Other seasons begin with subtlety. Winter arrives with a hammer. Winter is the only season that requires serious planning. The big summer transition is moving my jeans six inches to the left in my dresser to make room for shorts. Winter shows up with a set of instructions. We must shut off outdoor water valves, insulate laundry areas, service the HVAC system, and store outdoor equipment to avoid the ravages of ice, snow, and cold. Hats, gloves, coats, boots, shovels, salt, and scrapers populate our winter checklists.
As you probably guessed, the previous paragraph is a metaphor that relates to estate planning. From a seasonal perspective, Winter is a difficult time for aging adults. According to a recent Columbia University study, “in individuals aged 84 or older, a 1°C decrease in temperature (1.8°F) was associated with 35 percent increased odds of cognitive impairment.” Long stretches remaining indoors coupled with the dangers of slipping on ice increase the odds of a decline. In one sense, winterizing your estate planning means reviewing your advance directives and Will to ensure that everything is in order should a difficult Winter immediately present itself.
Pushing the metaphor one more step, the act of winterizing means that you are taking tangible steps to avoid mechanical breakdown and higher energy costs due to the cold. We know what happens when no winterization is performed: pipes freeze, cold air overwhelms uninsulated spaces, and energy bills are astronomical. The knowledge of Winter’s effects removes any hesitancy to winterize. Winter is a fact. So is aging. Aging carries a whole set of new realities. Physical limitations may interrupt familiar patterns. Driving at night becomes more difficult. Home maintenance and bill paying are more burdensome than usual. Estate planning for an aging adult means being ready. The core documents – Powers of Attorney and Health Care Proxies, Wills, and Trusts are created to protect loved ones from an aging-related storm.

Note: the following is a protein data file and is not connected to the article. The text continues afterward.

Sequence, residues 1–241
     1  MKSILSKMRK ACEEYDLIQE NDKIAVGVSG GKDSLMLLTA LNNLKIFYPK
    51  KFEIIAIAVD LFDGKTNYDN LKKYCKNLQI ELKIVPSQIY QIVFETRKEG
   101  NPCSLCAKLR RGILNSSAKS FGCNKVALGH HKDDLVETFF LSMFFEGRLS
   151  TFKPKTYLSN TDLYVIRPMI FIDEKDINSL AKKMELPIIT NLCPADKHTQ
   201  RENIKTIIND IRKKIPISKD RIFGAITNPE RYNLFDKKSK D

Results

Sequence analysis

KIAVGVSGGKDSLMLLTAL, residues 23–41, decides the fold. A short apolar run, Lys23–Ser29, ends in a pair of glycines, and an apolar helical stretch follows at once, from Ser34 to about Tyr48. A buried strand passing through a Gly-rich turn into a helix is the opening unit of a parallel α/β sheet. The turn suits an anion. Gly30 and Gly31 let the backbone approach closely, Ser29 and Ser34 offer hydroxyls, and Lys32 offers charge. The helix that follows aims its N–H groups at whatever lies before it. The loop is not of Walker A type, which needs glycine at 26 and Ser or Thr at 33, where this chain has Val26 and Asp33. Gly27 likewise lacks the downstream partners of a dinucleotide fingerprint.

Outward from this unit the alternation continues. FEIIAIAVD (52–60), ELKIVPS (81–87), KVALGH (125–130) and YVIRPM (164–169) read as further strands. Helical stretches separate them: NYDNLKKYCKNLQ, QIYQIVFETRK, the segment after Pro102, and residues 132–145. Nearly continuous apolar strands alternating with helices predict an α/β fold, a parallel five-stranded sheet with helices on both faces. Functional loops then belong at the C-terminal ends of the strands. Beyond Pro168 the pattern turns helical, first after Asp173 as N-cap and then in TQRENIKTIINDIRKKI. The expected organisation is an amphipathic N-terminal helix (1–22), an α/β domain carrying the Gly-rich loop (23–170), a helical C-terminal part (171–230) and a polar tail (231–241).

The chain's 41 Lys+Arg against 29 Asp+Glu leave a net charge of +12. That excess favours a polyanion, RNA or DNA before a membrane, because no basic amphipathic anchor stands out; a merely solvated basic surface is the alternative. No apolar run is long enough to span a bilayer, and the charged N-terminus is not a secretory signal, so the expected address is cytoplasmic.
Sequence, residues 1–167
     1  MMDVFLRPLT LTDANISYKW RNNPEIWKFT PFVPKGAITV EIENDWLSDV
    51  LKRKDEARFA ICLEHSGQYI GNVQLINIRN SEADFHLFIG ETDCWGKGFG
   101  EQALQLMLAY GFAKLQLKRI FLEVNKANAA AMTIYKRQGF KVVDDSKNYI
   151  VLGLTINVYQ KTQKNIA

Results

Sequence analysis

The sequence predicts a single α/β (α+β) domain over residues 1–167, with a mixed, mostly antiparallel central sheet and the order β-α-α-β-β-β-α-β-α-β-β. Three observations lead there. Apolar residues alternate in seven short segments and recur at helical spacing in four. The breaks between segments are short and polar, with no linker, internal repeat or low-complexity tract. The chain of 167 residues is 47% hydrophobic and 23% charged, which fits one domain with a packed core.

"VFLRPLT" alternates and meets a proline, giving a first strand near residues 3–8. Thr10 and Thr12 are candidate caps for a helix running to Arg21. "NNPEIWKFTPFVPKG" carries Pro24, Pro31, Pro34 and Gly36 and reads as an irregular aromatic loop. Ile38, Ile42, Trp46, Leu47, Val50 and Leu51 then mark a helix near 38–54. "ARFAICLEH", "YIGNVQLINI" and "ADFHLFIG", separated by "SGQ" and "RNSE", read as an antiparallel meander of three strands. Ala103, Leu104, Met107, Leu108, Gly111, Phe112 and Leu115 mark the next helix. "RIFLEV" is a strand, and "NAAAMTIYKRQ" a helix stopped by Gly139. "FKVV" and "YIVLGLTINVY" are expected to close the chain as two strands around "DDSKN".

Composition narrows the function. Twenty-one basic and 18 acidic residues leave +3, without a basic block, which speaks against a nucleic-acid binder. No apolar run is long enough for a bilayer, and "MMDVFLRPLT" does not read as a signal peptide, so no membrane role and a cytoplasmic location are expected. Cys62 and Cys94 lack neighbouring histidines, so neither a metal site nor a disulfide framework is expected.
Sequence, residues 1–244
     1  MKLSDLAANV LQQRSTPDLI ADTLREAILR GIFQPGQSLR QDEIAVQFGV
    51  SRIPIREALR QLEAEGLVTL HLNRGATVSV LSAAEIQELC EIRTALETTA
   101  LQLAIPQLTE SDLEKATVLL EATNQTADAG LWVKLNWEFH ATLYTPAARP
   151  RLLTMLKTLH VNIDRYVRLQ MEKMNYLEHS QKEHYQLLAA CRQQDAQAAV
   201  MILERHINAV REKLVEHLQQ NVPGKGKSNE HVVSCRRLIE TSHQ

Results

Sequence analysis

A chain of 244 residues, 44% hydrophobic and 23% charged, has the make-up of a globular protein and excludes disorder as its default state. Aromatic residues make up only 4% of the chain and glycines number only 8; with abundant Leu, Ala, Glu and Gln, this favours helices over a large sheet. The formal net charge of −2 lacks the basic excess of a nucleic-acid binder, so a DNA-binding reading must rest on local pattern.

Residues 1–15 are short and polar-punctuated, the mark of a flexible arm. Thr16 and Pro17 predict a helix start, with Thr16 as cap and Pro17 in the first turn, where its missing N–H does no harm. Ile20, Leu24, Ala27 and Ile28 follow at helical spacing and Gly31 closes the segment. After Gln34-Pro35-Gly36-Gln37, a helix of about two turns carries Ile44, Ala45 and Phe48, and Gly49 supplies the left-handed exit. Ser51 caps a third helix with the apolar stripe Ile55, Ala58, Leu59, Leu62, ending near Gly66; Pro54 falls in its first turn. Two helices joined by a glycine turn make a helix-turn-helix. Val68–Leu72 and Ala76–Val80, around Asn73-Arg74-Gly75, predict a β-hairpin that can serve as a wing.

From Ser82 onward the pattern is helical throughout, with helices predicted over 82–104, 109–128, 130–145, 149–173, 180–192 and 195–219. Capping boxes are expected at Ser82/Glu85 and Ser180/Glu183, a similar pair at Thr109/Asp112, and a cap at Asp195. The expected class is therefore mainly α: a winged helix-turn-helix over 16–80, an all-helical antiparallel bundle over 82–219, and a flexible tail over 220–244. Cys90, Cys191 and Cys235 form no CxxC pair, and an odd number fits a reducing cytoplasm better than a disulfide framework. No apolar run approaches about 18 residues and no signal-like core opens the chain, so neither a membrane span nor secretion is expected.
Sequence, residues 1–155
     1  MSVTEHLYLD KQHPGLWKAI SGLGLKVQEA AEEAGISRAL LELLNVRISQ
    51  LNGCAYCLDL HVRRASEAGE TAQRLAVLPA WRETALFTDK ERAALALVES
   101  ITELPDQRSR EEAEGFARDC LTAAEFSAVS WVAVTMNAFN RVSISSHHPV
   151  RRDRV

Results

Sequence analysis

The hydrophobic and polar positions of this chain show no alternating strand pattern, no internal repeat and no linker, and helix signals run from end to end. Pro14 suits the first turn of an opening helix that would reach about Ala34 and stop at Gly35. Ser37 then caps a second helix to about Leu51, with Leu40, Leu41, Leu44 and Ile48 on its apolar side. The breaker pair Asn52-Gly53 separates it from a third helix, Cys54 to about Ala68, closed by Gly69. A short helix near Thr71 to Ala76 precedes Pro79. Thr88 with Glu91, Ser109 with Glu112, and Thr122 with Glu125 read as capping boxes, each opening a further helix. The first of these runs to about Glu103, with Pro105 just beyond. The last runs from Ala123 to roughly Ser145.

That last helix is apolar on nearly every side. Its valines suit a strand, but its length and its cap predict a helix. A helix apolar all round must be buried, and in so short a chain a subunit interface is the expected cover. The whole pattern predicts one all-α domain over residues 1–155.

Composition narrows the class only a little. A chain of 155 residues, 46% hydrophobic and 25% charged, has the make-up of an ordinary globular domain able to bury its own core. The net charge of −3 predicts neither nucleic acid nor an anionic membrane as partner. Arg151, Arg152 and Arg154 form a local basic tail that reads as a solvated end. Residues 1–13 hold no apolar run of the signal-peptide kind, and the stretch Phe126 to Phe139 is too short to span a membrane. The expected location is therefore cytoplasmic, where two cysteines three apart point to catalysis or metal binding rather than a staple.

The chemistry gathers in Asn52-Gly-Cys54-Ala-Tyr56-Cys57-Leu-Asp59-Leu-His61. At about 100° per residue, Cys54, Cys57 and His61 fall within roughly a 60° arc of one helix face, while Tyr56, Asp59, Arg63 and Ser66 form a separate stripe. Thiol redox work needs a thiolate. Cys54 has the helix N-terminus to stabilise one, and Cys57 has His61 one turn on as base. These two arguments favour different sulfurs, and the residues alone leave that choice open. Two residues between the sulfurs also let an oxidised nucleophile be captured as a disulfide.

Aging adults spend more time in hospitals and rehabilitation facilities. Recovering from a serious illness or fall is difficult enough. If physically compromised, daily management of responsibilities becomes a bridge too far. Bills have to be paid and healthcare decisions have to be made. A well-insulated pipe should not freeze. An aging adult with the right agent under a Power of Attorney should not be financially harmed.
When HBO said that “Winter is coming,” we knew that fictional lives would be at stake. Aging is not fiction. Estate planning for an aging adult is the recognition that loss is a part of life. Ensuring that life’s financial gains remain tethered to one’s loved ones is an elemental wish. Wills and Trusts are specifically tailored to the individual and their situation. While Wills provide a basic roadmap to direct assets to their destination, Trusts knit together complicated families, diverse assets, and real property to bring order out of complexity. Wills flow through the courts. Trusts are created to avoid courts.
We spend so much time looking around at our homes and our things, figuring out ways to protect them or better them. Protecting ourselves is too often neglected. This Winter, besides worrying about the usual drafts, begins contemplating other drafts – advance directive drafts, Will drafts, and Trust drafts.